Eucalyptus is marked by distinctive, fragrant oil in the leathery leaves, bark, and roots, although the oil may be stronger in some species. The aromatic oil provides a number of herbal eucalyptus benefits, as described in this article.
Eucalyptus Herb Information
There are more than 500 species of eucalyptus, all native to Australia and Tasmania, ranging from small, shrubby plants that grow in containers to others that grow to great heights of 400 feet (122 m.) or more. Most are easy to grow in the mild climate of USDA plant hardiness zones 8 through 10.
You’re probably familiar with the aroma of eucalyptus oil, which is an important component in many common products such as cough drops, throat lozenges, ointments, liniments, and chest rubs. Eucalyptus oil is also an effective insect repellent and is often used to treat minor cuts and wounds.
For home gardeners, herbal tea made from fresh or dried leaves is the most convenient way to take advantage of herbal eucalyptus benefits. It’s easy to dry entire eucalyptus branches and then strip the dry leaves later. Alternatively, you can strip the fresh leaves, which can then be dried and stored in glass containers.
Sip the tea or use it as a gargle to ease sore throats or spritz cool tea on insect bites or minor skin irritations. To soothe sore muscles or aching joints, add a few leaves to a warm bath.
How to Grow Eucalyptus as an Herb
While globe eucalyptus is most popular in American gardens, you may want to consider a smaller variety such as E. gregsoniana, E. apiculata, E. vernicosa, or E. obtusiflora, all of which reach mature heights of 15 to 20 feet (5-6 m.).
Start with the largest pot available. Once the tree outgrows the pot, it’s best to discard it and start over with a fresh seedling, as eucalyptus trees grown in pots don’t take to transplantation to the ground.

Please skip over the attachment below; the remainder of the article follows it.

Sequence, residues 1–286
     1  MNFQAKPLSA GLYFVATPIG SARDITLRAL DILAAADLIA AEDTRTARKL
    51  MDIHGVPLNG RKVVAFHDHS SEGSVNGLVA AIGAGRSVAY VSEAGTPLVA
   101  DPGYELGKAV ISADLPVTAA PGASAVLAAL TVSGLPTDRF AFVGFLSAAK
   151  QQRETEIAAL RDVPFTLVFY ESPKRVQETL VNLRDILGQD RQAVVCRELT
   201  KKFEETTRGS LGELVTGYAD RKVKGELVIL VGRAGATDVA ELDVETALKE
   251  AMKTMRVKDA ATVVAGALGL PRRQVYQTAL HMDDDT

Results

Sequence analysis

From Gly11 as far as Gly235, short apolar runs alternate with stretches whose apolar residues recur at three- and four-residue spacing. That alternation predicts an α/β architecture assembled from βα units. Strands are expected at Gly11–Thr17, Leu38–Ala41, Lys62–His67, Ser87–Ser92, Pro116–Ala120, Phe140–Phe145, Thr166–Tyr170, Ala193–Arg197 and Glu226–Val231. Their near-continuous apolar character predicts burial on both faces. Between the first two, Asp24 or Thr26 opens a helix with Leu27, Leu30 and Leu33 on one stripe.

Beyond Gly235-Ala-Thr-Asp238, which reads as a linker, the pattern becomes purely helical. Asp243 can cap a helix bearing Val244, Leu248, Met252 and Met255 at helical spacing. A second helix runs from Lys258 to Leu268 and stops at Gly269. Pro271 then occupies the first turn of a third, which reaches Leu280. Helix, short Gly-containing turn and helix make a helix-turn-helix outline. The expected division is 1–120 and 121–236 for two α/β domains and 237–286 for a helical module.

If you live in a warm climate and you want to grow eucalyptus in the ground, it’s best to make that decision from the get-go. Keep in mind that eucalyptus needs a location in full sunlight, with protection from the wind.
If you live in a chilly climate and want to grow eucalyptus in a pot, you can always leave it outdoors during the summer, then bring it in before temperatures drop near freezing in autumn.
Growing Eucalyptus Herbs
If you’re the adventurous type, you can plant eucalyptus seeds a few weeks before the last frost in your area. Plan ahead because the seeds require a stratification period of about two months. Eucalyptus seedlings don’t always transplant well, so plant seeds in peat pots, which help prevent transplant shock.
Place the peat pots in a warm area and mist them frequently to keep the soil evenly moist, but never saturated. Move the seedlings outdoors after the last frost.
Eucalyptus needs full sunlight and well-drained soil (or potting soil, if you’re growing eucalyptus in a pot). If you’re growing eucalyptus indoors, place the tree in the sunniest window, preferably south-facing.
Eucalyptus Plant Care
Water eucalyptus regularly, especially during warm, dry weather. Eucalyptus is drought tolerant and will rebound from a slight wilt, but it may not recover if the foliage is allowed to shrivel. On the other hand, avoid overwatering.